As the festive season fast approaches, shoppers are looking to online retail to avoid the packed malls and the long, tedious queues. The good news is that South Africa’s online retail sector is growing at a steady pace, writes Cathy Smith, MD of Cisco Southern Africa.

In fact, Statistics South Africa figures show that retail trade sales notched up by 3,3% in 2015, compared to 2014, to R762 billion. Additionally, the 2016 Nielsen Mobile Shopping, Banking and Payment Survey, found that mobile devices have become an indispensable shopping companion, with South African respondents saying they used their mobile device to research (59%) or purchase (36%) a product or service online.


As online shopping gains popularity, cyber-crime soars

With that in mind it is therefore no surprise that online shoppers are prime targets for cyber criminals. Despite our hyper-awareness of this fact, the truth is that cyber criminals are getting smarter. In the past, many online criminals lurked in the shadows of the Internet, avoiding detection.

Today, some emboldened cybercriminals are tapping into legitimate online retail stores. Gone are the days where a cyber-criminal may be easily detected and even apprehended. According to Cisco 2016 Annual Security Report, today’s attackers have the know-how evade and reconstruct. In other words, attackers are building resiliency into their operations. If detected, attackers quickly reconfigure and can reconstitute on new systems with new IPs in minutes. This places the online shopper in serious danger. Online retailers therefore need to rethink the way they manage attacks.


Power in numbers

The online retailer now has a responsibility to ensure the safety of their shoppers. The Cisco Annual Security Report notes that at present the largest constraint to protecting any organisation is a low degree of collaboration.

During security incidents, on average only 21% of businesses notify business associates, only 18% notify external authorities and a mere 15% notify insurance companies. With little communication around cyber security issues, cyber criminals continue with consistent attacks. Collaboration also reduces the time to detection of future attacks. We define “time to detection,” or TTD, as the window of time between the first observation of an unknown file and the detection of a threat. A reduced TTD essentially ensures a faster response time.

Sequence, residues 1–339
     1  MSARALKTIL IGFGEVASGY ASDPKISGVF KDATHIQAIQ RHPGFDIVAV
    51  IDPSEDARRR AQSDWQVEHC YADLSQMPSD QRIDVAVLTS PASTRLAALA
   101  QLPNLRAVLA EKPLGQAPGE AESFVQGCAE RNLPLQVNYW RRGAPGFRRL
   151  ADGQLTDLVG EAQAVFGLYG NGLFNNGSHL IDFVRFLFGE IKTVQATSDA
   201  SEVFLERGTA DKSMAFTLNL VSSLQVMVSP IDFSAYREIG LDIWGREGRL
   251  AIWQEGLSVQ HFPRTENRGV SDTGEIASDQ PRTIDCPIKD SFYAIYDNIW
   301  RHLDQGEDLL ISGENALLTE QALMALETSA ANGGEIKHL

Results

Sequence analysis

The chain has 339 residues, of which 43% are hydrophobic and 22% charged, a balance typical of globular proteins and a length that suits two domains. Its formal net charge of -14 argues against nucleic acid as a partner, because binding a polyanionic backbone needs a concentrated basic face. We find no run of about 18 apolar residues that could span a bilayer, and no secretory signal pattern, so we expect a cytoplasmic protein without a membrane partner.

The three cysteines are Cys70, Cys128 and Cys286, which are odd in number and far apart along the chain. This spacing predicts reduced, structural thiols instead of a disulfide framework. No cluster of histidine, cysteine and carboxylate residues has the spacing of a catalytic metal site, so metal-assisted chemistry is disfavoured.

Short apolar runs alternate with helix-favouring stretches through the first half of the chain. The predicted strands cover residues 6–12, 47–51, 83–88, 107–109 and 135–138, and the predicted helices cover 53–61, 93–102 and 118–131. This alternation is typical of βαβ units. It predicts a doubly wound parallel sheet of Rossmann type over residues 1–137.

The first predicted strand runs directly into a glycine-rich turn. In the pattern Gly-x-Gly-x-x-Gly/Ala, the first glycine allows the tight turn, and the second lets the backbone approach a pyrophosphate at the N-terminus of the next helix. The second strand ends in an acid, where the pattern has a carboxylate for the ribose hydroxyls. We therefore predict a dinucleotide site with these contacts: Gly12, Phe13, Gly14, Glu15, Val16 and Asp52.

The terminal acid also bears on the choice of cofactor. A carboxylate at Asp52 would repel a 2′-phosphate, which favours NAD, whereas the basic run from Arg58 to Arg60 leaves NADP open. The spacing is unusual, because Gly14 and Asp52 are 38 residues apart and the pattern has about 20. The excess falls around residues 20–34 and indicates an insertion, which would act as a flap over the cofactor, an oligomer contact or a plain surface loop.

In the post–Edward Snowden era, retailers can no longer afford to not internally collaborate against cyber- attacks.


Safeguarding the shopping mall of the future

South African online retail has the potential to grow from strength to strength, if shoppers feel secure when entering the online realm. For the past 25 years, the traditional model for security has been “See a problem, buy a box”.

But these solutions, often a collection of technologies from many different security vendors, don’t talk to each other in any meaningful way. They produce information and intelligence about security events, which are integrated into an event platform and then analysed by security personnel.

An integrated threat defence architecture is a detection and response framework that offers more capabilities and supports faster threat responses by collecting more information from deployed infrastructure in an automated, efficient manner. Although cyber-criminals are evolving at a rapid pace, the implementation of a richer network of security architecture can mean the difference between longevity and success.